When Dr. Mar Doering first applied to the University of Missouri’s college of veterinary medicine, being a veterinarian and a woman was unheard of. Doering always knew she wanted to work with animals and remembers being a little four-year-old girl with a big dream. As she got older, people kept telling her a woman couldn’t be a veterinarian. These words did not discourage Doering but only made her determined to prove them wrong. Now, after treating and training thousands of animals over her career, Doering is about to celebrate owning her own practice, All Paws Medical and Behavioral Center in Holts Summit, for 40 years this August.
“I’ve had many dreams, and luckily, so far they’ve all come true,” Doering says. “But one of my dreams was to do animal behavior, specifically dog and cat behavior. I spent years trying to learn as much as I could about communicating with animals on their own level, but also years trying to figure out how I could do it to the best of my ability.”
This training has paid off, according to longtime client Michelle Yahnig. Yahnig and her husband have been loyal clients since the ’80s and says Doering has helped them through countless ups and downs. “She is absolutely the most caring vet I have ever worked with,” Yahnig says. “They say animals can always tell when someone likes or doesn’t like them, and my dogs absolutely love to see her. They are so happy to be there.” Yahnig visits Doering at least once a week to pick up prescriptions for one of her dogs. “At this point, she is part of my family,” she says.
Doering recognizes her talent when it comes to communicating with animals and their owners, but it wasn’t always easy. In fact, she remembers a time when she found it much easier to communicate with the animals she cared for than with the people.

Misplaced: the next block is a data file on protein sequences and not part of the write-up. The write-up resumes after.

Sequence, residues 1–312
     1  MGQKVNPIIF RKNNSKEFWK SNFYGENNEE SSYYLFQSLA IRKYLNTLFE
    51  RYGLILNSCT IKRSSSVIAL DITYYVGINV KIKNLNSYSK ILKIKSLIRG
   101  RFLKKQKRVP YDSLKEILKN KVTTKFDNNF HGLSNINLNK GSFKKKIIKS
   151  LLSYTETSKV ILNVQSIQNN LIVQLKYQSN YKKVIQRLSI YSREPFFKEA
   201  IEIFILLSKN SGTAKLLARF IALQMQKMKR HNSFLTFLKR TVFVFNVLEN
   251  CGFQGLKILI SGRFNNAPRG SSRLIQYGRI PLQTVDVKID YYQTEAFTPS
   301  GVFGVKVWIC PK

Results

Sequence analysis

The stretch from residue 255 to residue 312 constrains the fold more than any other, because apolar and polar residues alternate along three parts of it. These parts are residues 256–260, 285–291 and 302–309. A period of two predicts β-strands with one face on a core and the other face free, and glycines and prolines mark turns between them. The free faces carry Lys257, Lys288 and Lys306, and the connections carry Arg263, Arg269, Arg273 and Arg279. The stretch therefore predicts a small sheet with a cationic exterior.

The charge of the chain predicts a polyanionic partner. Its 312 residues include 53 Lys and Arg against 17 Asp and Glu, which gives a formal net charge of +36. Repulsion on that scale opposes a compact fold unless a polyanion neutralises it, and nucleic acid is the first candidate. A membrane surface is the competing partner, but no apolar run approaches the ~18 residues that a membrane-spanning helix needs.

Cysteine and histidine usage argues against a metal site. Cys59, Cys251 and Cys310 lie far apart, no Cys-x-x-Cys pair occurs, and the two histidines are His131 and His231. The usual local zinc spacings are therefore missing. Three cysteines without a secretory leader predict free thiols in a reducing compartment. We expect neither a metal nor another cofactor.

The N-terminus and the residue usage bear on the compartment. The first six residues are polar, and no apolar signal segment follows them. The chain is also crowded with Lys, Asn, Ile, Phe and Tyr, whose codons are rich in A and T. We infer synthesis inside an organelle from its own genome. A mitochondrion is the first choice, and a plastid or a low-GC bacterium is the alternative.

A birthday surprise
Doering was a longtime fan of dog trainer Cesar Millan when he was still an up-and-coming celebrity. Millan is known for doing the same type of work as Doering on his National Geographic Channel TV show, The Dog Whisperer. Doering says she believed that Millan would understand the one problem she was still struggling with — connecting to people.
Doering recalls watching his show with her husband, Dave, and thinking, “If I had a week with Millan, I think I could better understand how to continue helping animals’ behavior and not just their obedience training, but help people understand their animals.”
To her surprise, he contacted Millan’s team in 2006 and coordinated a birthday trip where Doering could learn first-hand from her idol. The next thing she knew, she was flying to Los Angeles to spend a week with the dog whisperer.
“It’s not that he taught me animal behavior; I’ve been studying that for years,” Doering says. “It was what he did for me in just one single day. He taught me that I needed to learn more about myself and how I could work differently with people, how their emotional states affected the animals.”
Back to work
Doering came back to Missouri and started volunteering with Puppies For Parole, in which selected offenders in Missouri prisons have the opportunity to train rescue dogs.
“It was the most beautiful thing,” Doering says. “I wish everybody could see it and understand how amazing the human-animal bond really is.” She helped write the Puppies For Parole manual that is used in correctional facilities statewide.
As her clinic’s anniversary approaches, Doering says that it has been a gift to work with animals every day over the past 40 years, one that will hopefully keep on giving. ￼